of coffee, not impending doom; or that you’re
feeling vulnerable because you’re hungover, not
because you made some horrible, embarrassing
mistake last night.

ID: 10397205

8.
Vocalize your worries with someone you trust.

View this image ›

HBO

Usually when we’re anxious about something we
want to isolate ourselves with these thoughts,
because we don’t want to sound like we’re
overreacting or being ridiculous. Just the
thought of opening up or being vulnerable can
be terrifying. But keeping it to yourself can
create a vacuum where you’re sitting alone
surrounded by your anxieties, unable to really
pull yourself out of that frame of mind.

If you have someone you trust and whose opinion
you value, try talking to them about it. “When
you do express it and vocalize it, you often
realize you’re not crazy; other people are
worried about the same thing,” says Howes. Or
sometimes just saying it out loud helps you
hear that a certain line of thinking was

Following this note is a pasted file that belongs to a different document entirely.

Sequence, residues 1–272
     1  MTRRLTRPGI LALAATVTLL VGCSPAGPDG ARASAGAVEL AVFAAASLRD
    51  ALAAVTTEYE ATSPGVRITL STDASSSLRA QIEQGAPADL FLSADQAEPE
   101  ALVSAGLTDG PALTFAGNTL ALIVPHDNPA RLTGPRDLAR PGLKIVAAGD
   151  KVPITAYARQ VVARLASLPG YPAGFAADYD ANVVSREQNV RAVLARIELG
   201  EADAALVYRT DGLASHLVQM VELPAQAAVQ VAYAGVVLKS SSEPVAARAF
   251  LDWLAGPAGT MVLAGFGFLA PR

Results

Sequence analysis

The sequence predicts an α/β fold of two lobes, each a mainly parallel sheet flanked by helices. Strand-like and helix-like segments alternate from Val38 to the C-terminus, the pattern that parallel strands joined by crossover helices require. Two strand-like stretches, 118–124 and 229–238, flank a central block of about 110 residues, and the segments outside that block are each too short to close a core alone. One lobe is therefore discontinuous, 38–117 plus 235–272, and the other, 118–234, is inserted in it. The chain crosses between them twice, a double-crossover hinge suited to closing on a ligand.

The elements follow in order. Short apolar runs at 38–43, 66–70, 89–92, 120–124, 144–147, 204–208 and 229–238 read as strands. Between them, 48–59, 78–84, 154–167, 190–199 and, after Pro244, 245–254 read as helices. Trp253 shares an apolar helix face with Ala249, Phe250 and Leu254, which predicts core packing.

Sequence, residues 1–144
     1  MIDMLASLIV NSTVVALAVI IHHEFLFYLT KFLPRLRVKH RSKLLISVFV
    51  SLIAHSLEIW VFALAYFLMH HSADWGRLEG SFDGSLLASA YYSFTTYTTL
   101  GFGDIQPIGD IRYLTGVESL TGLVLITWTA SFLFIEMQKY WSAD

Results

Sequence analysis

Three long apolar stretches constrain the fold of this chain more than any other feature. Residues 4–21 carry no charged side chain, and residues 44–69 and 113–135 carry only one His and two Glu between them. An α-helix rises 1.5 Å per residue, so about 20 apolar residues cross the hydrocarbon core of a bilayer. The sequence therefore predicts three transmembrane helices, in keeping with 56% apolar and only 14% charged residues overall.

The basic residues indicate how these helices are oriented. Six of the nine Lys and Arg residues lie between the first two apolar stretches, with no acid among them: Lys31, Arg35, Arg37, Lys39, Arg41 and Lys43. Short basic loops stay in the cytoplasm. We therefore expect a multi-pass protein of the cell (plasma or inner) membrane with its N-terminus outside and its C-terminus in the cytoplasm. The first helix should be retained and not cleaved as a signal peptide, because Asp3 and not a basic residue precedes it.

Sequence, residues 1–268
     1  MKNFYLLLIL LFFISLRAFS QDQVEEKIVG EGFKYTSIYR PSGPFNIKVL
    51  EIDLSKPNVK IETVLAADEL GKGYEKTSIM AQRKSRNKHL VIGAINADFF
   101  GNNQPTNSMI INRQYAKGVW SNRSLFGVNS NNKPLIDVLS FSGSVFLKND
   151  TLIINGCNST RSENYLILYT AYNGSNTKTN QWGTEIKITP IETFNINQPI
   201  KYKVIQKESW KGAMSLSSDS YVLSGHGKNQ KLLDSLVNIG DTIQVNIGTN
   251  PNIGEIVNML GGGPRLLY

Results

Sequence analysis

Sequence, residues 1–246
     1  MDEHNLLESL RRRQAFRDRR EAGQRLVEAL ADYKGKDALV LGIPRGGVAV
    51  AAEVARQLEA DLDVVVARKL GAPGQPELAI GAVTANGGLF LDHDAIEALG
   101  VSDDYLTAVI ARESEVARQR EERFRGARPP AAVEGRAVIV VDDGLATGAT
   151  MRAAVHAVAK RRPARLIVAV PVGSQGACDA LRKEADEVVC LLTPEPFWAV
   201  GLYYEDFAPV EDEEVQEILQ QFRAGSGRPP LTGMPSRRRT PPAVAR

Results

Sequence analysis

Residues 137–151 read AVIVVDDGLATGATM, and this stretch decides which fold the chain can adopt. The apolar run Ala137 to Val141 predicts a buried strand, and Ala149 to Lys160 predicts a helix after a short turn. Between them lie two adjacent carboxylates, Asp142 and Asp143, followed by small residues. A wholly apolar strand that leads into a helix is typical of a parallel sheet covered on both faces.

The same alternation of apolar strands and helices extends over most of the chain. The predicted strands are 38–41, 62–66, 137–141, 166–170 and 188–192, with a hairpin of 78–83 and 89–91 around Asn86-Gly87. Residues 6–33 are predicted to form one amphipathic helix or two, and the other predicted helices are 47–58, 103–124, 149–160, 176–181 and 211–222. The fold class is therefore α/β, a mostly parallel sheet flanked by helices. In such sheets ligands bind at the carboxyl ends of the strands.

irrational. Or, if nothing else, at least you
won’t feel so alone when it comes time to deal
with whatever it is you’re worrying about.

ID: 10397074

9. Talk
yourself down with simple reassuring phrases.

Talk yourself down with simple reassuring phrases.

View this image ›

It seems like a silly thing, but “it can go a
long way in stopping the slide into panic or
anxiety,” says Howes. When you feel your
anxiety building, try saying or thinking things
like: I’m safe right now. I’m prepared. I am
in control. I’m OK.

ID: 10397192

10. Dump
out all your negative thoughts and worries on a
notepad before bed.

Dump out all your negative thoughts and worries on a notepad before bed.

View this image ›

If you’re a late-night worrier who spends the
better part of an evening mentally running
through every looming task, stressful
responsibility, and worst-case-scenario that
can happen in the next month or so, this might
help.

Howes suggest having a notepad near your bed
(or on your phone) where you jot down these
thoughts as soon as they come to you. Try to
just write a few words or phrases so you’re not